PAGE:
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Neil Gaiman has long been inspired by ancient mythology in creating the fantastical realms of his fiction. Now he turns his attention back to the source, presenting a bravura rendition of the great northern tales. In Norse Mythology, Gaiman fashions primeval stories into a novelistic arc that begins with the genesis of the legendary nine worlds; delves into the exploits of the deities, dwarfs, and giants; and culminates in Ragnarok, the twilight of the gods and the rebirth of a new time and people. Gaiman stays true to the myths while vividly reincarnating Odin, the highest of the high, wise, daring, and cunning; Thor, Odin’s son, incredibly strong yet not the wisest of gods; and Loki, the son of giants, a trickster and unsurpassable manipulator. From Gaiman’s deft and witty prose emerges the gods with their fiercely competitive natures, their susceptibility to being duped and to dupe others, and their tendency to let passion ignite their actions, making these long-ago myths breathe pungent life again.

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Despite being an avid consumer of all things mythological and folklore-related, I didn’t actually know that much Norse mythology (unless you count the scraps of information the Marvel movies have fed me over the past few years). I’d always been more interested in Greek mythology, an interest fueled by my love for the paranormal romance genre which seems to favor this pantheon above all others.

So, after realizing that Tom Hiddleston’s Loki wasn’t going to teach me all that much about Norse mythology, I decided to embark upon a fantastical journey with the talented Neil Gaiman as my guide. I hadn’t previously read anything by Neil Gaiman (unless you count an uber short, maybe ten page story) so I wasn’t sure what to expect, but because this book had been receiving such positive reviews, I decided that I had nothing to lose (except fourteen of my well-earned pounds, which isn’t much in the grand scheme of things).

In the introduction, Gaiman stresses the fact that this collection of tales is his personal take on the more popular of the Norse myths, so there might be some discrepancies between the versions found in Norse Mythology and the versions readers have read or heard elsewhere. But that’s okay, right? I mean, it’d be pretty stupid to argue over whether or not bad poetry is a direct result of a particularly nasty fart straight out of the All Father’s ass. Myths are supposed to be fun. Myths arose (I literally just typed ‘arouse’) from the imaginations of our long dead ancestors who sought to explain what was then unexplainable. Why conjure a boring, half-assed explanation behind, say, the stars, when you can say that they’re the eyes of a dead giant instead?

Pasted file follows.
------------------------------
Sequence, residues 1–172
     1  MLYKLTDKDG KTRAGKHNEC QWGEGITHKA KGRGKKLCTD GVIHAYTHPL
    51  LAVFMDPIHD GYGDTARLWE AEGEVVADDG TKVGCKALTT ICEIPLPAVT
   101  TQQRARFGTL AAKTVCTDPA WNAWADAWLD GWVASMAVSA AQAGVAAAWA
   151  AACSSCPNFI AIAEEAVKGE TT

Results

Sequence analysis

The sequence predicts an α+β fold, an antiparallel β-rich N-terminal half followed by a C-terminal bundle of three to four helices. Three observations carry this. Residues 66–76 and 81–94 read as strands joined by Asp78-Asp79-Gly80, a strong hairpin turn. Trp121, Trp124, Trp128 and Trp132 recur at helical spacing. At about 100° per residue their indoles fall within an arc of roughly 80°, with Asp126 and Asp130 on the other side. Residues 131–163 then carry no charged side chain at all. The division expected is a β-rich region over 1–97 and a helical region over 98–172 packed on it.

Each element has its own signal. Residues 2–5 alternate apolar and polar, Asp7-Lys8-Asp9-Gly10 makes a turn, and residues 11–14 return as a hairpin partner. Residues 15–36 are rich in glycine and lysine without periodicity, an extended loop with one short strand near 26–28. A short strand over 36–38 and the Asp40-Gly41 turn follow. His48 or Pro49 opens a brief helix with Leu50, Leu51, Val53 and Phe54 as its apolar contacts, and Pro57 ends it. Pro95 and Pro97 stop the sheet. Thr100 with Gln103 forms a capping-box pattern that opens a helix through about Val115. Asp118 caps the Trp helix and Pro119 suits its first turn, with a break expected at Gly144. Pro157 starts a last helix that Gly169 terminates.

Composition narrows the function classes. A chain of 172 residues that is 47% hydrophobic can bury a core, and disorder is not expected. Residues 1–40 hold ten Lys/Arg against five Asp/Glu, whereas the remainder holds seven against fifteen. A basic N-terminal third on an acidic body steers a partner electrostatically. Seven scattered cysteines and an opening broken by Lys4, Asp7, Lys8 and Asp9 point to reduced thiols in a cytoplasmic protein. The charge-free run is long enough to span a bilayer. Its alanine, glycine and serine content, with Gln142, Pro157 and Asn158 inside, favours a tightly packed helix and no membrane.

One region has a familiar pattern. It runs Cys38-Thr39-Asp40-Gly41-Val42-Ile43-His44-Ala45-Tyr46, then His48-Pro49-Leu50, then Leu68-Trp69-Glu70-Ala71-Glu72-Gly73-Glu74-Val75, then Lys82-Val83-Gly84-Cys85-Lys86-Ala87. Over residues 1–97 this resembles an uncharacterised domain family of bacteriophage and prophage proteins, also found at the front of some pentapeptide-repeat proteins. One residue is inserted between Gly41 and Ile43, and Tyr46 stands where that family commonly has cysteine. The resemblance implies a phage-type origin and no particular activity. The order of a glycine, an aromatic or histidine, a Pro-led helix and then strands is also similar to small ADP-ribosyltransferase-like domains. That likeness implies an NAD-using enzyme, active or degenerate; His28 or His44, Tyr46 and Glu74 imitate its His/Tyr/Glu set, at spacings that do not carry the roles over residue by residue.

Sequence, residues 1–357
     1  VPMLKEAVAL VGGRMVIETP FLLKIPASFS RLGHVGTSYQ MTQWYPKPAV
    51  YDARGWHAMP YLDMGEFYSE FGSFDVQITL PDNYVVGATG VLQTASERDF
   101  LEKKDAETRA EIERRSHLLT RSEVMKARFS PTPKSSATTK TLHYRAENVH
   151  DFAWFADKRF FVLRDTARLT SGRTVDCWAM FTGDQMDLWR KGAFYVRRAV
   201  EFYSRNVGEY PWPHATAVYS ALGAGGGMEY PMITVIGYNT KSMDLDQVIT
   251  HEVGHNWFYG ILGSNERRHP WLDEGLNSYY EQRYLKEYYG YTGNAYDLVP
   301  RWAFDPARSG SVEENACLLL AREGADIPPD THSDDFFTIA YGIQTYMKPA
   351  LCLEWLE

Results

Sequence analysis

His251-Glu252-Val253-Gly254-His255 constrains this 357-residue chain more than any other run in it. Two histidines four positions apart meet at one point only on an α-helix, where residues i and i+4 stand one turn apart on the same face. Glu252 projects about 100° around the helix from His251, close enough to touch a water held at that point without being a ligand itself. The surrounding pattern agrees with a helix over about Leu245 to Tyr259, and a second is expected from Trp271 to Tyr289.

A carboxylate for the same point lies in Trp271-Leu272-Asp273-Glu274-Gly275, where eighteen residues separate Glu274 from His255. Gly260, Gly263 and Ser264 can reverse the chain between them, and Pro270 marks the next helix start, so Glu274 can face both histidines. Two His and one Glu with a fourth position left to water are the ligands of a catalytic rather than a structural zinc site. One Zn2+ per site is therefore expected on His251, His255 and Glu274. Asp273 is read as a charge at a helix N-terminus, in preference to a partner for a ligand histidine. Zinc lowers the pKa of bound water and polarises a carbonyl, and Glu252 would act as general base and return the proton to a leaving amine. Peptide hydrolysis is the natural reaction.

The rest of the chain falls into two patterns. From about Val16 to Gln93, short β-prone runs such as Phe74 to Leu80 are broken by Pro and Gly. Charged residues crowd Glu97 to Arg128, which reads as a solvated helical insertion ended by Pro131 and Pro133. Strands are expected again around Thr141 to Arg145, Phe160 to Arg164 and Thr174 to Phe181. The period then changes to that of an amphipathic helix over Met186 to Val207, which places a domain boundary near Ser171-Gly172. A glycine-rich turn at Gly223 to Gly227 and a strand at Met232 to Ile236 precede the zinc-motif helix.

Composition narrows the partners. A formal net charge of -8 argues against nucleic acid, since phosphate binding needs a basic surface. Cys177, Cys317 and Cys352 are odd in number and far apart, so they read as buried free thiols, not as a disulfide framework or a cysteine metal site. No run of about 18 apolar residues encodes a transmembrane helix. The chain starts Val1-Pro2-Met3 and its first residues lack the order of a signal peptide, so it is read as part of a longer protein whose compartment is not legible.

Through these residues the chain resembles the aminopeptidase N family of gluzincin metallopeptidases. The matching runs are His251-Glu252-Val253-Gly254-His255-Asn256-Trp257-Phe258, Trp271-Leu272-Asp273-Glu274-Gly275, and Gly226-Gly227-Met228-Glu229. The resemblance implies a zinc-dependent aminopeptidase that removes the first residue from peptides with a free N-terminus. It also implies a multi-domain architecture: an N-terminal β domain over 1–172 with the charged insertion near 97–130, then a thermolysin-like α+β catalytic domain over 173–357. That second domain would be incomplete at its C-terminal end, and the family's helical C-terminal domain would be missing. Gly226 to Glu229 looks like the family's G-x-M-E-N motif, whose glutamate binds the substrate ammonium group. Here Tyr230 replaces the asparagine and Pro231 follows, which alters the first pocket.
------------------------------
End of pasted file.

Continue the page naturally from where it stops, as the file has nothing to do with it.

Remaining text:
I really enjoyed this collection of tales. A lot of mythology books that I’ve read read like university dissertations. They’re dry and they’re lacklustre. Neil Gaiman, however, has injected humour and life into these ancient, often forgotten stories and has brought each of the characters to life in a way that will have a reader greedily devouring each and every single word.

The characterization is fantastic. Each of the gods, goddesses, dwarfs and giants has their own unique personality. Thor, for example, is the typical all-brawn-and-no-brains character which makes for some hilarious one liners, while Loki is the mischievous, sly and annoyingly lovable rogue. These are characters a reader can believe in. They’re just as a real as the people we interact with on a daily basis here in Midgard.

Sometimes, when reading things such as fantasy, it’s all too easy to become lost among the lore of the fictional land you suddenly find yourself in and this was one of my initial concerns upon my decision to read this book. Would I need to do some background reading beforehand to be able to put these stories into context? Would I find myself completely and utterly confused by the names and terms thrown about the text like confetti?

The answer to both of these questions was “No.” Norse Mythology offers readers a gentle and easy introduction into an area of mythology that is often forgotten about and it does it in way that isn’t patronising or laborious to read. Everything – be it the reason why Odin only has one eye or why there are clouds in the sky – is explained in a clear, concise and fun way.

Overall, Norse Mythology is quick, easy and fun read and one I can wholeheartedly recommend to any mythology geeks such as myself.

Rating: 4 out of 5

Song: Two Steps from Hell’s Aesir (Two Steps from Hell are one my absolute favourites, you should definitely check them out!)

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This book is available on Amazon in both paperback and e-book format.

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